Do social comparisons matter in relation to health and wellbeing?

Kasengele, Kalonde Mwango (2011) Do social comparisons matter in relation to health and wellbeing? PhD thesis, University of Glasgow.

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This thesis explores the relationship between social comparisons and health and wellbeing as a possible explanation for health inequalities. This is because, although inequalities in health have been observed in Britain since occupational and mortality statistics were first published in 1851 (Macintyre, 1997), the underlying reasons remain a subject of much debate. This thesis adds to the debate by focusing on one of the most influential arguments in recent decades; that, in developed countries, perceptions of place as a class context in the socioeconomic hierarchy is a psychosocial risk factor related to ill health (Wilkinson, 1992; Wilkinson, 1996). However, despite being implied as the central mechanism in his psychosocial pathway, surprisingly, Wilkinson has given little attention to the process of social comparisons. His reliance on large scale epidemiological data to make inferences at an individual level is unsatisfactory since it offers no understanding of the dimensions of people’s social comparisons and how this may be linked to health and wellbeing.

The main aim of this study was, therefore, to investigate the scope and nature of social comparisons amongst people living in proximal socio-economically contrasting neighbourhoods, their perceptions of class and inequality and how this might impact on health and wellbeing. In-depth interviewing was the main methodology, supplemented with media analysis and participant observation in order to gain an understanding of the study areas. A total of 33 interviews were conducted with parents from Drumchapel and Bearsden. These areas were chosen because they were strikingly different class contexts, Drumchapel representing a working class area and Bearsden a middle class area. As Wilkinson focuses on between-class comparisons, the selection of these proximal neighbourhoods provided a good opportunity to investigate the extent to which people make comparisons between classes.

Insofar as lay theories map on to explanations of health inequalities, this study found little support for Wilkinson’s assertion that perception of place in the social hierarchy is the determining factor in relation to health and wellbeing. Firstly, unlike his suggestion that social comparisons are more common with decreasing social class, the process was found to be a widespread social phenomenon which people across the hierarchy utilise for both self-evaluation and self-enhancement. Secondly, in contrast to Wilkinson’s focus on a single economic hierarchy, this study found compelling evidence that people often utilise complex multiple status hierarchies that can include material and non-material factors like speech, social mannerisms, moral respectability, education, and family upbringing when making social comparisons. In this respect, though Wilkinson’s call for income redistribution policies is admirable, it would not necessarily eliminate feelings of relative deprivation because status differences can exist even in the most economically equal societies. Thirdly, whilst factors like globalisation, the rise in consumerism, and expansion of the mass media have made people more aware of inequalities in society, comparisons with ‘similar others’ like neighbours, friends, family members, and work colleagues were found to be still the most salient reference groups. Further support for this was that status distinctions within classes (e.g. between ‘old’ and ‘new’ money in Bearsden and ‘rough’ and ‘respectable’ in Drumchapel) were more important than those between classes.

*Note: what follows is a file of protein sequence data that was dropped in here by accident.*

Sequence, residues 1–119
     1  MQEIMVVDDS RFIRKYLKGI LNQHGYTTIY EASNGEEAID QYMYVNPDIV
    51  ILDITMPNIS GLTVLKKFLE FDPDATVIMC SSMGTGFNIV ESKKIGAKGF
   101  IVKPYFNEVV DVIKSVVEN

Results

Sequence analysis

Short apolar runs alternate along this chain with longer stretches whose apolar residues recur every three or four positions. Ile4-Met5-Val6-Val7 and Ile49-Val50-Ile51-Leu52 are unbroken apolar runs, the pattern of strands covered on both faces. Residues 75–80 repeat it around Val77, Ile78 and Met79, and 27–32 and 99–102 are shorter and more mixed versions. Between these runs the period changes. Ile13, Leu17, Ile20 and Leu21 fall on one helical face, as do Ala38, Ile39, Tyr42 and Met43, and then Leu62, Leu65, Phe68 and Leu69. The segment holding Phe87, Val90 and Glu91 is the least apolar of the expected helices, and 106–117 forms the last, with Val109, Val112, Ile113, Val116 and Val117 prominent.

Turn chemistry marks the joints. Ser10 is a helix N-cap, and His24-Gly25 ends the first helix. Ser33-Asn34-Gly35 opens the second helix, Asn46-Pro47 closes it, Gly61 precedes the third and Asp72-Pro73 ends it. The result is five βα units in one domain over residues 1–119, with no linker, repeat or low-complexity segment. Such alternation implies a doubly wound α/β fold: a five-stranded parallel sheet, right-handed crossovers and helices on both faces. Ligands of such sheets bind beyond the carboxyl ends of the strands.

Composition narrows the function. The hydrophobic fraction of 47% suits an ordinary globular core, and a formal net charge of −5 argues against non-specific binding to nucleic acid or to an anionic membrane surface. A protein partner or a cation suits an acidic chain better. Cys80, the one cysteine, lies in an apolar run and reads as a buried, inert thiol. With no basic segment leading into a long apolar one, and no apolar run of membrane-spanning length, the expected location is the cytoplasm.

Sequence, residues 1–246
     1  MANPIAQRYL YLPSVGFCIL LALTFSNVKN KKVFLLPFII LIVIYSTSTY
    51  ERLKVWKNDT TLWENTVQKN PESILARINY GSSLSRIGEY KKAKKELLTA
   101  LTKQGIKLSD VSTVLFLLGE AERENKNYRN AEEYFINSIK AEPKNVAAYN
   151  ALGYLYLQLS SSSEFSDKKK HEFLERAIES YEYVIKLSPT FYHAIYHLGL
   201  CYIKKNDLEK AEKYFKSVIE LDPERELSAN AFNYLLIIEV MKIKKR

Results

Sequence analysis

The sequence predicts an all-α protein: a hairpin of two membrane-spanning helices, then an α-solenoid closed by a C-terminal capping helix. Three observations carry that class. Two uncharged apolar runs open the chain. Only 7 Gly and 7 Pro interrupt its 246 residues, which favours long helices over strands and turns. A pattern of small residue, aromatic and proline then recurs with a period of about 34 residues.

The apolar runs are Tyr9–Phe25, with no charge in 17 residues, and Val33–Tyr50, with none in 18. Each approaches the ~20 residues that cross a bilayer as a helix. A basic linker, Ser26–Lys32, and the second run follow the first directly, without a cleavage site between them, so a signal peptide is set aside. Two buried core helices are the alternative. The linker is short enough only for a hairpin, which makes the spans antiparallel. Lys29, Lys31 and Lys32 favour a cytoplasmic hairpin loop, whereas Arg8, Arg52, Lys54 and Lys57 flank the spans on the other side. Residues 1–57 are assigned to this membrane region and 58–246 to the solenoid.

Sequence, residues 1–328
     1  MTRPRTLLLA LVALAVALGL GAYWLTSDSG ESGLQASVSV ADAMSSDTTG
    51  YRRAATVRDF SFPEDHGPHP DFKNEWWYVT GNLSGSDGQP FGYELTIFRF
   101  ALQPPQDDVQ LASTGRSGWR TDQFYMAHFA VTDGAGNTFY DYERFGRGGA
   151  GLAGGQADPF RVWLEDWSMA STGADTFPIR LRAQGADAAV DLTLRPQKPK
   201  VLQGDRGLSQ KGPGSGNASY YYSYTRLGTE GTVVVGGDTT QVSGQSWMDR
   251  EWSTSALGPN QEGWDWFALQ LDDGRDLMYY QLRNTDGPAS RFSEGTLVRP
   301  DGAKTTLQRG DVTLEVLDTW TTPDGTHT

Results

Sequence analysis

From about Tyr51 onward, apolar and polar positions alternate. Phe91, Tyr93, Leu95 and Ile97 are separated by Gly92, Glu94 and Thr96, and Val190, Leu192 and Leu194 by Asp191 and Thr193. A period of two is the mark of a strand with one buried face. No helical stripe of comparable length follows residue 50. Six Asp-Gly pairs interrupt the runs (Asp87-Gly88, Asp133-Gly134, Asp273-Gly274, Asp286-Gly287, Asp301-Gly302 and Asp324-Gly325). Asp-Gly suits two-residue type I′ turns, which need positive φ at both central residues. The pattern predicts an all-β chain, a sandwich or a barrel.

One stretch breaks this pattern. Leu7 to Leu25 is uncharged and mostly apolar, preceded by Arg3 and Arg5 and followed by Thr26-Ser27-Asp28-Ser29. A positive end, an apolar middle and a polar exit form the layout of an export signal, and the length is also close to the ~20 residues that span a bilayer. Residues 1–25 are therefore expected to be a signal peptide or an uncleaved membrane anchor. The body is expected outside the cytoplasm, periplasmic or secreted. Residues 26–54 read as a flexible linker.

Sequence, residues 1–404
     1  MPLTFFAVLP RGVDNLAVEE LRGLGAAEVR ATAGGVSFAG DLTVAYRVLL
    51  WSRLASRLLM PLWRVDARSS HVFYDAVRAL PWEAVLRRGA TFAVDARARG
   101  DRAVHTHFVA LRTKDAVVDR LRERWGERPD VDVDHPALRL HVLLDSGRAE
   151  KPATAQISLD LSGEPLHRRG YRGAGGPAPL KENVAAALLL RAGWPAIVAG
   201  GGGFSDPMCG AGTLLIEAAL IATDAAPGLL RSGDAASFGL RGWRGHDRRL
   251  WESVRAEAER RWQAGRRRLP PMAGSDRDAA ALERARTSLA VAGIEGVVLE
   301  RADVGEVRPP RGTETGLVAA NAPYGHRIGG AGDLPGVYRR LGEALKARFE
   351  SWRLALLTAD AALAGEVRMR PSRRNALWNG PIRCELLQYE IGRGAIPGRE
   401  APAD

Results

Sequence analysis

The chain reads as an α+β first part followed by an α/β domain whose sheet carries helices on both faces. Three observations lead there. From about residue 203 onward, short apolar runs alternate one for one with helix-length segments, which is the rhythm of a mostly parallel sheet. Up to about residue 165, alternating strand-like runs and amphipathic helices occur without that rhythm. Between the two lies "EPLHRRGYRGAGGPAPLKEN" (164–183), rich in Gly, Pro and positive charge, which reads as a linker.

Lastly, and most importantly, there was little indication that a psychosocial explanation is at the forefront of people’s minds in accounting for health inequalities. To begin with, none of the participants spontaneously suggested a psychosocial mechanism; instead, those in Drumchapel were more likely to suggest material/structural factors whilst Bearsden participants tended to advocate behavioural/cultural explanations. Furthermore, although there was evidence to suggest that ‘some’ people may be vulnerable to similar negative effects of social comparisons they perceived as impacting on others (including anxiety, stress, pressure and depressive state), such effects appeared to be minimal since they were reported to occur only at particular periods in people’s lives.

The fact that this thesis was centred on Wilkinson’s psychosocial hypothesis is testimony to the enormous contribution he has made to the health inequalities debate. However, in examining the association between social comparisons and health and wellbeing, the conclusion drawn from this study is that the role of social comparisons in the psychosocial mechanism may have been exaggerated.

Item Type: Thesis (PhD)
Qualification Level: Doctoral
Keywords: social comparisons, class, status, community studies, health inequality, psychosocial hypothesis, lay perceptions, stigma, consumerism, parenthood
Subjects: H Social Sciences > HT Communities. Classes. Races
H Social Sciences > HM Sociology
R Medicine > RA Public aspects of medicine > RA0421 Public health. Hygiene. Preventive Medicine
Colleges/Schools: College of Medical Veterinary and Life Sciences > Institute of Health and Wellbeing
Supervisor's Name: West, Professor Patrick
Date of Award: 2011
Depositing User: Dr Kalonde Mwango Kasengele
Unique ID: glathesis:2011-3298
Copyright: Copyright of this thesis is held by the author.
Date Deposited: 04 Apr 2012
Last Modified: 10 Dec 2012 14:05

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